Construction, planning trump class size issue

Parents concerned about class sizes could see a district-sponsored task force addressing the issue in the fall, members of the Ashland School Board said at a work session Monday night. Even with a task force, very few, if any, options are available to the board to lower class sizes, Superintendent Juli Di Chiro told parents.

"I don't think we can respond to the class size issue without additional state funds," she said. "It's going to require some sacrifices to get through next year."

With upcoming construction projects and strategic planning, administrators do not have extra time to serve on a class size task force, and classroom space will be further limited when Bellview Elementary students are housed in the middle school next year, she said.

In terms of funding, Di Chiro calculated an additional $500,000 would be required each year to meet class size standards established in the Ashland Quality Education Model, the goal parents would like the board to reach &

18 for kindergarten and first grade, 20 for second and third grade, and 22 for fourth and fifth grades.

Because state funding has dropped with enrollment declines, the district has had to make budget cuts nearly every year during Di Chiro's tenure, she said. Eighty-five percent of the budget goes toward staff salaries and benefits, leaving little room to hire more teachers to reduce class size. Instead, she said, the district has chosen to focus on improving teacher quality.

High frustration

After hearing the board's perspective on reducing class size, parents said they felt dissatisfied with the board's seeming unwillingness to work with them.

"My understanding was we were here to reduce class sizes," Bellview parent Kim Freeman told the board. "What I'm getting instead is we are being told there is no money to do that. This is the second time I feel like I've been told how things are going to be."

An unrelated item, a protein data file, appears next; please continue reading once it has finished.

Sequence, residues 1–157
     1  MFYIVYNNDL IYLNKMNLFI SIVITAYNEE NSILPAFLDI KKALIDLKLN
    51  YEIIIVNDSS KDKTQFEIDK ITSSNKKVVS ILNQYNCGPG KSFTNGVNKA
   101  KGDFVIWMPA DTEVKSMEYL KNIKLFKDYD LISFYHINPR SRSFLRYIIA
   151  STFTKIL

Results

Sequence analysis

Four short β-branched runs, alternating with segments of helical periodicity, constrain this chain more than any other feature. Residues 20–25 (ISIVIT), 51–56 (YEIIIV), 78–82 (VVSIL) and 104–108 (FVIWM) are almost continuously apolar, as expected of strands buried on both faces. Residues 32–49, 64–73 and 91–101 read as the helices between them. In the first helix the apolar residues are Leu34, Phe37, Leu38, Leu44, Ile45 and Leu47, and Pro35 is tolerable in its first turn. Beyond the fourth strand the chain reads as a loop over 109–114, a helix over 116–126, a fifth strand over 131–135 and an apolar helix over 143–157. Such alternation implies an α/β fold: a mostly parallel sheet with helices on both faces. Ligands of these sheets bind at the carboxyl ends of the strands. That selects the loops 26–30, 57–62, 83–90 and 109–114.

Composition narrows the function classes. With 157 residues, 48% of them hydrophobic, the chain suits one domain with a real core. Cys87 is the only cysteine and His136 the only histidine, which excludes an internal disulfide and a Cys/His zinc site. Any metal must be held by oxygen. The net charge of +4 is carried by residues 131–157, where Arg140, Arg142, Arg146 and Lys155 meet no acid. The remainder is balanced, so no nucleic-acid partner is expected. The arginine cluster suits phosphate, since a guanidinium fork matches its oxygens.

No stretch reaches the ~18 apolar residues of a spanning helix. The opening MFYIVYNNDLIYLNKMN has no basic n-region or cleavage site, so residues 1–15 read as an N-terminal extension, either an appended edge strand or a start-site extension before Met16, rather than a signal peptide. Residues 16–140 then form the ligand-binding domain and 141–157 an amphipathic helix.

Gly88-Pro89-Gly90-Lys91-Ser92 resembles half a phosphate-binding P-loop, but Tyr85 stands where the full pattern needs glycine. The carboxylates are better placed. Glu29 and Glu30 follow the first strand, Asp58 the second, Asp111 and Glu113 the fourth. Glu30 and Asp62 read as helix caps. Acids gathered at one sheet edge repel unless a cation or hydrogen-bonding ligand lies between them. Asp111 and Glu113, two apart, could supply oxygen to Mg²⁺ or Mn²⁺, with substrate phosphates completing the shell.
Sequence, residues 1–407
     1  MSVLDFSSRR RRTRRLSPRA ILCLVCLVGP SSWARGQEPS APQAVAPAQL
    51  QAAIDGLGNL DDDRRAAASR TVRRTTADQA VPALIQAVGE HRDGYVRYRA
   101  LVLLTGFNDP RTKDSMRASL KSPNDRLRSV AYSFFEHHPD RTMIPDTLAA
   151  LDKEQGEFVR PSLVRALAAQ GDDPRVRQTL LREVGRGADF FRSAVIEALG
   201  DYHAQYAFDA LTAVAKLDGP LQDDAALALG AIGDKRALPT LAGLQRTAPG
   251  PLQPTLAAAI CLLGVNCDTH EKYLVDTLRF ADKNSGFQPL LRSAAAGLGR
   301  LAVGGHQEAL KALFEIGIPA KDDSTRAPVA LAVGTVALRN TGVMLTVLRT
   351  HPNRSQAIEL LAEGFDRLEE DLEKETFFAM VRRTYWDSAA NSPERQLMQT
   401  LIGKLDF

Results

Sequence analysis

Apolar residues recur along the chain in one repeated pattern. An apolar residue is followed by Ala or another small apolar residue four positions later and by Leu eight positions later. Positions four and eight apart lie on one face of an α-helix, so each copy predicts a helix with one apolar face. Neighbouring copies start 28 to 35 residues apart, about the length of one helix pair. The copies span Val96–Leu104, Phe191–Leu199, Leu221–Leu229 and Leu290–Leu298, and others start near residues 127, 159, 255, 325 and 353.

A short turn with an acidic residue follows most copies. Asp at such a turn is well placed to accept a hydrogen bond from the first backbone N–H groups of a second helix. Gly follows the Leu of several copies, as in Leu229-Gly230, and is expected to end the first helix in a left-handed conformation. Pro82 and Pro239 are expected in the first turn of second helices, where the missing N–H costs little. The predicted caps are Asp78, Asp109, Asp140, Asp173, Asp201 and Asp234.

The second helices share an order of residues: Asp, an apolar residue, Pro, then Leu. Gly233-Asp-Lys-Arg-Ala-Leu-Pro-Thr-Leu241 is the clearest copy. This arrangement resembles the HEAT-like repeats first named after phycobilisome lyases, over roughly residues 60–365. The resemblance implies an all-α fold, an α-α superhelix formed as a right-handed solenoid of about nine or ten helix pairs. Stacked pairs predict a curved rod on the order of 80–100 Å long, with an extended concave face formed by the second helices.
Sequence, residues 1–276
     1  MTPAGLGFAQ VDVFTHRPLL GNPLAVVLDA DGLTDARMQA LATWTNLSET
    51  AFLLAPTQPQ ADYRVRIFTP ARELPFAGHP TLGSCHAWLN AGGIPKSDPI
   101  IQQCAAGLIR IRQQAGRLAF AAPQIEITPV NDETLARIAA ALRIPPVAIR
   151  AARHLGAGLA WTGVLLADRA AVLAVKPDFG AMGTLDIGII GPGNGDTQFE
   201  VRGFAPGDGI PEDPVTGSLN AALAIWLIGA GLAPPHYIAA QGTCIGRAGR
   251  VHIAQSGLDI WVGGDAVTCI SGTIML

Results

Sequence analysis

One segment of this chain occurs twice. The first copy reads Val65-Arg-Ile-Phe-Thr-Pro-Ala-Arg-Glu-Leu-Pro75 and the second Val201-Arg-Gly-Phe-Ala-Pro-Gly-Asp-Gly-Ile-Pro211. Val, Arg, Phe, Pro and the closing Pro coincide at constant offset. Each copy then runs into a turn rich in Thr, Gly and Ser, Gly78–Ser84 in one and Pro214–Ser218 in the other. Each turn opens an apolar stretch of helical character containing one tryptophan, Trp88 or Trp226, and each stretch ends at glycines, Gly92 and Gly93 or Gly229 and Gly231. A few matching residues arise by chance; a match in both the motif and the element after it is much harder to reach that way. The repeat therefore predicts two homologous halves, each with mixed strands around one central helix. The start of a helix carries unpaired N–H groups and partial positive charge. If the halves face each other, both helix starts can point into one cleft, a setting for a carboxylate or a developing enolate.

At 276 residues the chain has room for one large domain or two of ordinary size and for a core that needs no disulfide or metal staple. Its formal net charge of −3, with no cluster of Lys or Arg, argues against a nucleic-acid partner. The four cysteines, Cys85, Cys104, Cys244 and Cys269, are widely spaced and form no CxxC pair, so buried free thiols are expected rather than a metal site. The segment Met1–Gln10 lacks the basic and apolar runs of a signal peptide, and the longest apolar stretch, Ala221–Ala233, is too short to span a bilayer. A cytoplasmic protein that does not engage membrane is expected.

Parents with students in the largest classes &

the apparent "blip" in the second grade &

said the seriousness of their situation was being overlooked.

"It is frustrating to be in that blip because we're going to be in that group that is always making sacrifices," said Alan Parowski, who has two sons at Helman Elementary, including one in second grade.

Despite school officials declaring extremely limited funds, parents said they would like the district's spending reevaluated.

"There are choices to be made," said parent Amy Clark. "They're hard, but we need to figure out how to best allocate the dollars."

Finding solutions

Board members said the ability to think creatively and prioritize were key to finding a solution. Some suggested mobilizing more volunteers or reducing other programs.

"The thing you don't hear very often is 'What are you willing to give up?'" board member Keith Massie asked. "Are we willing to give up music, even partially? Are we willing to give up art? Are we willing to give up six classroom days?"

Although shortening the school year is not a legal option, making cuts or increasing community involvement through volunteers are ideas parents could explore in an independent study session until next fall. Parents also expressed interest in getting more involved in the budgeting process and the Ashland Schools Foundation fundraising drive.

Although several parents left still frustrated, board members encouraged parents not to give up.

"Hearing you all is so hopeful," said board member Ruth Alexander. "Every couple of years there's a group of parents that comes along to do something, and it takes a while, but they do it."

Board member Heidi Parker said she firmly believes class sizes need to decrease even with so little money available.

"I don't know how we're going to do that, but I'm committed to trying."

Staff writer can be reached at 482-3456 ext. 227 or .

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